Introduction Tramadol, a weak opioid anesthetic, is used for pain management in patients with cancer, but the effects of tramadol on cancer via µ-opioid receptor are still unknown. We assessed the effects of tramadol on pancreatic ductal adenocarcinoma using transgenic mice (LSL-KrasG12D/+; Trp53flox/flox; Pdx-1cre/+).
Methods Six-week-old transgenic mice were orally administered 10 mg/kg/day tramadol (n=12), 10 mg/kg/day tramadol and 1 mg/kg/day naltrexone (n=9), or vehicle water (n=14) until the humane endpoint. Cancer-related pain and plasma cytokine levels were assessed by the mouse grimace scale and cytokine array, respectively. Tumor status was determined histopathologically. Tramadol’s effects on proliferation and invasion in pancreatic ductal adenocarcinoma cell lines were studied in vitro.
Results Tramadol with/without naltrexone improved mouse grimace scale scores while decreasing inflammatory cytokines such as tumor necrosis factor-α and interleukin-6. Proliferative Ki-67 and cyclins decreased by tramadol, while local M1-like tumor-associated macrophages increased by tramadol, which was blocked by naltrexone. Meanwhile, tramadol with/without naltrexone reduced juxta-tumoral cancer-associated fibroblasts and M2-like tumor-associated macrophages. Tumor-associated neutrophils, natural killers, and cytotoxic T cells were not altered. Tramadol decreased the proliferative and invasive potentials of pancreatic ductal adenocarcinoma cell lines via decreasing cyclins/cyclin-dependent kinases, which was partially reversed by naltrexone.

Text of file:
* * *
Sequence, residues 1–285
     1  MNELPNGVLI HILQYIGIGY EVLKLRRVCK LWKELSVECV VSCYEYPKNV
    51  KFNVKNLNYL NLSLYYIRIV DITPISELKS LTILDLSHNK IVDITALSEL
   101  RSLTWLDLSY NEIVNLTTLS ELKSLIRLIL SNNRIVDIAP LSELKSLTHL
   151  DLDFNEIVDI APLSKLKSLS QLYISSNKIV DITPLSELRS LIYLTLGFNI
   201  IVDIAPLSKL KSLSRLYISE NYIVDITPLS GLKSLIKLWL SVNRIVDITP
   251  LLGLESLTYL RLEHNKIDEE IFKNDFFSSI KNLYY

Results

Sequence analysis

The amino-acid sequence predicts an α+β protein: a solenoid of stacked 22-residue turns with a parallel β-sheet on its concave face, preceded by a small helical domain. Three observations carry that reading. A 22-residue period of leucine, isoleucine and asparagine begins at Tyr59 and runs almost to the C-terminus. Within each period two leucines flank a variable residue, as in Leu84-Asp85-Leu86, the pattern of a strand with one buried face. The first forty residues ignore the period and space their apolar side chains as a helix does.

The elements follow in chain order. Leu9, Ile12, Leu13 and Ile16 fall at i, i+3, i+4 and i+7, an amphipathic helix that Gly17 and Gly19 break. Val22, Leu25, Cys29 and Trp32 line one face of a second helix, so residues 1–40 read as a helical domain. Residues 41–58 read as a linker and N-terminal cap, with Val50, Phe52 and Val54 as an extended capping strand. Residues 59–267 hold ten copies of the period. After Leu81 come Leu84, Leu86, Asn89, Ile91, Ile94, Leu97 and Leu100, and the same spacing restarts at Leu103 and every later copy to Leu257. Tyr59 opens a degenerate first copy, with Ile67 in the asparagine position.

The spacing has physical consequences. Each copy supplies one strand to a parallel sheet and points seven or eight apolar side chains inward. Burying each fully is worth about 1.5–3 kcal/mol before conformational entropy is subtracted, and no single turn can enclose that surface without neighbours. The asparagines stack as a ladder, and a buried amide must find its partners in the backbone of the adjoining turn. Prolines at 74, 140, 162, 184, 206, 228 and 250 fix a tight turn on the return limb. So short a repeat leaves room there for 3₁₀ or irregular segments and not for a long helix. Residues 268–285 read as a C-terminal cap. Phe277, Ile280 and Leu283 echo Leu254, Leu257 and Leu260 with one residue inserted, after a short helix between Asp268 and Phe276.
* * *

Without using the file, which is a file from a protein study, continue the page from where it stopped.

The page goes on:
Conclusions These findings imply that tramadol might be a useful anesthetic for pancreatic ductal adenocarcinoma: inhibiting the proliferation and invasion along with increasing antitumor M1-like tumor-associated macrophages via the µ-opioid receptor, while improving cancer-associated pain possibly through the antitumor effects with the decrease of inflammatory cytokines.
- Cancer Pain
- Analgesics, Opioid
- Pain Management
Data availability statement
All data relevant to the study are included in the article or uploaded as online supplemental information.
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Contributors Experimental design: MS, TS. Data acquisition/analysis: MS, TK, IK. Provision of vehicle-treated mice: IK, YO. Cell proliferative assay: YI. Tissue preparation: JK. Provision of human pancreatic stellate cells: AM. Discussion of data: OK, YI. Writing of paper: MS, TK. Review of paper: HI, TS. Study supervision and guarantor: TS.
Funding The Japan Society for the Promotion of Science KAKENHI (JP21K09006).
Competing interests None declared.
Provenance and peer review Not commissioned; externally peer reviewed.
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